Undercover police officer grabs microphone while The Who are performing Tommy
Historic concert program for The Who at the Fillmore East on May 16-17, 1969, three months before their triumphant performance at Woodstock. The program measures 5.5 x 8.5 and features many vintage advertisements for The Who single 'Pinball Wizard,' Led Zeppelin’s debut album, and the Newport Jazz and Folk Festivals. Also scheduled to perform with The Who are Sweetwater, It’s a Beautiful Day, and the Joshua Light Show. In fine condition.
The night of May 16, 1969, marked one of the more memorable events in the venue’s history. In the middle of The Who’s highly anticipated ‘Tommy’ set, a man ran up on stage and grabbed the microphone. Pete Townshend, as was his style when people rushed the stage, acted accordingly and landed a quick on the man’s rear. Unbeknownst to Townshend, the band, or anyone else, the stranger was Daniel Mulhearn, a NYPD police officer in civilian clothes who stormed the stage to evacuate the crowd: a fire had broken out in the building next door and smoke was entering the venue. Townshend was later arrested for his actions, but the charges were dropped and the Who’s second show was postponed until Sunday night, May 18th.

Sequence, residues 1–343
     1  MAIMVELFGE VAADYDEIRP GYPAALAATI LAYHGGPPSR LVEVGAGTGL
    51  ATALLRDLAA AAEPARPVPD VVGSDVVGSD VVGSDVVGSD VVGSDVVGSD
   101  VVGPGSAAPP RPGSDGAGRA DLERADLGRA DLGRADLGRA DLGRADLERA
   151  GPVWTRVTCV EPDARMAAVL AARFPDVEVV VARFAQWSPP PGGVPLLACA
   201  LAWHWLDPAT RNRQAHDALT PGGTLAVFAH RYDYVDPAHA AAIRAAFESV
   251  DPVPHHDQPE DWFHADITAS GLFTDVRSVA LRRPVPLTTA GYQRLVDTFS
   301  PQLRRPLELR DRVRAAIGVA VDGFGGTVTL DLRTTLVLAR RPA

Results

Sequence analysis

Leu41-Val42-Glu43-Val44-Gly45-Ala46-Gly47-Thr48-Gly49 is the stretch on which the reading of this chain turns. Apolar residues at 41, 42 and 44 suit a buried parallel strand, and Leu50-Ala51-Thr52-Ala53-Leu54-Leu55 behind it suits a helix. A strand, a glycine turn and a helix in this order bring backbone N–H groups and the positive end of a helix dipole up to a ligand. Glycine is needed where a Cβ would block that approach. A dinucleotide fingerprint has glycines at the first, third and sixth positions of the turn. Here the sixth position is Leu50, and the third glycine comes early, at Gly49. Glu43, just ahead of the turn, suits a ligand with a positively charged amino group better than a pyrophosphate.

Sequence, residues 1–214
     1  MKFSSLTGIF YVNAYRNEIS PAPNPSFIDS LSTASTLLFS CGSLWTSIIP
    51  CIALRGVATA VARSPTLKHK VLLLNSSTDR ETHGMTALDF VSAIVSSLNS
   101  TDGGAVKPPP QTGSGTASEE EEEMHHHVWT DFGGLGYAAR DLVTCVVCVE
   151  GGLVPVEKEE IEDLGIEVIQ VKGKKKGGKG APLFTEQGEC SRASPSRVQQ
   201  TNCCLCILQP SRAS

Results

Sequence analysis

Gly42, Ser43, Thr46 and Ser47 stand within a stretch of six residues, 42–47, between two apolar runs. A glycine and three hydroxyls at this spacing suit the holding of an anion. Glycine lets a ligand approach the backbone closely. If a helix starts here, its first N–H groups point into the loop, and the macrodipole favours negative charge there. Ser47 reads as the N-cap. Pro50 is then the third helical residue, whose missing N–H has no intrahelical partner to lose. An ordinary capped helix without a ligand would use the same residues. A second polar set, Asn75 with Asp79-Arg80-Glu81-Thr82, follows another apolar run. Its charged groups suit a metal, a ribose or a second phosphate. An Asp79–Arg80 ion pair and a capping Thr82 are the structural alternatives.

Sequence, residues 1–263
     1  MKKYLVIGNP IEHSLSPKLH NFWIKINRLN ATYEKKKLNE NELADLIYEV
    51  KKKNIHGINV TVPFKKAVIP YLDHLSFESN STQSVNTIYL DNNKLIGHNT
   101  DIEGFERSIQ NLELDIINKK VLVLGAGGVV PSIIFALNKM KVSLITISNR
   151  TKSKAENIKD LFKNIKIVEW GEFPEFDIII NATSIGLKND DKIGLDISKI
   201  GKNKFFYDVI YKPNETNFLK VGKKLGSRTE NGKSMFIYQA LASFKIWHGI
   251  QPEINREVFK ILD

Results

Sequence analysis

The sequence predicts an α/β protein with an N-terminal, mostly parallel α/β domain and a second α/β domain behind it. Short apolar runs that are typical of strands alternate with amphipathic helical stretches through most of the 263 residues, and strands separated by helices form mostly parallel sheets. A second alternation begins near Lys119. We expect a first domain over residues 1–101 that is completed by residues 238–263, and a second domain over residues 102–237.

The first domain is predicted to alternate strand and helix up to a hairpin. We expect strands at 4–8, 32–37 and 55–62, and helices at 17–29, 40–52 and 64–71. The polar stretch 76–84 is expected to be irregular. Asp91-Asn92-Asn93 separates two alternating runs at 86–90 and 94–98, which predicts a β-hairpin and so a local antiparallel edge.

This year is the 50th anniversary of the closing of the now legendary Fillmore East. Janis Joplin, Jimi Hendrix, The Doors, The Grateful Dead, The Who, Led Zeppelin, Pink Floyd, John Lennon, Frank Zappa and the Mothers of Invention, Ray Charles, Miles Davis, Joni Mitchell, The Band, Derek and the Dominos, the Allman Brothers Band and so many more performed at the Fillmore, most on several occasions. Unlike its counterpart the Fillmore West in San Francisco, which was a ballroom (it was a former dance hall) like most music venues were at the time, the Fillmore East was a theatre and it was a totally different experience for both the artist and the audience. Going to the Fillmore East was going to the theatre... a theatre that was built originally for vaudeville shows, which was perfect acoustically and seating wise for rock concerts. With the addition of a custom-made sound system and the visually mesmerizing Joshua Light Show (Joe's Light's later), it was a concert experience like no other. The Fillmore East itself is gone now, though its legend lives on and anyone who was ever fortunate enough to perform or attend a concert there can attest to the magic that occurred in that much missed theatre.